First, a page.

At the time of visit towards the end of last year I saw some labourers laying the foundation for a building without any sort of supervision within the site obviously flouting all conservation norms.

“Whom are you guys working for?” I asked.

“Babloo contractor.”

Expecting an ‘ASI’ or ‘state archaeology department’ I could only gawk at them.

“You don’t know Babloo contractor?” They asked, unbelieving.

“Mmmhhhh,” I mumbled unable to cover my feeling of inadequacy.

It could be just a matter of time before the true heritage experience of Dipadih is obliterated by more of such recent arrivals. But till then truly a life enriching experience.

The route and snacking suggestions: Dipadih is best done as a day trip from Ambikapur. Take the exit to Rajpur 38 km away. The road is a well maintained double lane though it tapers in many places to a narrow strip. Like the rest of Ambikapur, you don’t encounter much traffic here either. But do keep an eye open for tractors or other vehicles that are obscured by hayricks stacked up by the side of the road. Vast open fields, ochreous-yellow stubs in the post-harvest season, embrace the tarmac from both sides. Sal trees cuddle over clusters of adobe houses many of which are under lock and key; with not much of work left in the fields, the villagers have moved to cities looking for work.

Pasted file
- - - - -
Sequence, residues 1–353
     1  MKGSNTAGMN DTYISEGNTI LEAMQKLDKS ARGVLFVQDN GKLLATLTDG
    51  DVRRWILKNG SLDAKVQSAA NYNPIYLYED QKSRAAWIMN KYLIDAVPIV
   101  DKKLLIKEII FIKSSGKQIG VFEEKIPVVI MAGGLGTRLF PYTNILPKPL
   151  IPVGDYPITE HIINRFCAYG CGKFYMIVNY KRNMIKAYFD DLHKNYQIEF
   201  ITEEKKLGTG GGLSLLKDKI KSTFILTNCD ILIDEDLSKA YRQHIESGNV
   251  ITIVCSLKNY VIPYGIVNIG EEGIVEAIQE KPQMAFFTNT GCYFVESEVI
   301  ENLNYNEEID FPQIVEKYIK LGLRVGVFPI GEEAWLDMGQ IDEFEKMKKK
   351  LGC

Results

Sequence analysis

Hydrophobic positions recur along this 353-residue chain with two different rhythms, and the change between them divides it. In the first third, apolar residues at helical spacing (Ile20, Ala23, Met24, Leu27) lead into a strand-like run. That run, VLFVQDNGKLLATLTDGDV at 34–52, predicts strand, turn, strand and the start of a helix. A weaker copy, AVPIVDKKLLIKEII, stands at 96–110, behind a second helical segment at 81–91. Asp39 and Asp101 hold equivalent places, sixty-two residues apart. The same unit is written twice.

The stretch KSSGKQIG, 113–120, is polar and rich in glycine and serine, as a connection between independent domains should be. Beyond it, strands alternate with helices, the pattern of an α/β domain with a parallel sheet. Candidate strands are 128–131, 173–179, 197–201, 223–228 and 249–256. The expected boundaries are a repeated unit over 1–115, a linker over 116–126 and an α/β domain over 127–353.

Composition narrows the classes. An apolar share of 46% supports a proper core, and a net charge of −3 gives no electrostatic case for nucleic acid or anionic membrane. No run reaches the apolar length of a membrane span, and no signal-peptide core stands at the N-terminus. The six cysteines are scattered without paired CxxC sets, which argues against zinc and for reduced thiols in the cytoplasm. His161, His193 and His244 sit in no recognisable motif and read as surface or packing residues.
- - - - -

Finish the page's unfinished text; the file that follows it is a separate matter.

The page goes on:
Locals vouch for the quality of the food one gets at the dhabas along this route; there are a few as you near Rajpur which serves some seriously appetising stuff. The samosas from these shops are a must-try; the potato used in the filling has a certain je ne sais quoi which can be said only for those coming from Mainpat nearby. Have it with the pathaka (literally meaning ‘firecracker’) or imli (tamarind) chutney. Though the road traces a blazing straight track most of the time, there are severe half-moons and blind inclines. From Rajpur, Dipadih is 42 km and the scenery only gets better. A very memorable drive made further enjoyable by relative emptiness of the road. Once you reach Dipadih town there is an unobtrusive turning to the left which cuts through unending fields till the excavation site marked by sprawling arboreal glory.

Distance: 80 km / Time: 1 hr 30 min

You can wipe out a generation of people, you can burn their homes to the ground and somehow they will still come back. But if you destroy their achievements and their history then it’s like they never existed. Just ash floating. George Stout / Frank Stokes played by George Clooney in the true life drama ‘The Monuments Men’

(Except for a few minor additions, the above article is largely from a chapter in the guidebook ‘Experience Chhattisgarh on the road’ written and photographed by me for the Times Book Group.)


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Profile photo of Thommen Jose

After taking a master degree in communication and journalism, Thommen Jose tried to sit behind a desk as a sub editor with a national newsweekly but did not last very long. An avid adventurer and distance biker, he soon discovered that he has to hit the road quite often to keep going. Currently based out of Delhi, he develops communication collaterals for the development sector, has scripted and directed a travel series on Tibet and Nepal, writes travelogues for newspapers and recently wrote and photographed a travel guide, ‘Experience Agra and around on the road’ which was published by the Times of India. Wanderink.com is his blog, travelogues from which find their way into national and international newspapers, magazines and travel websites.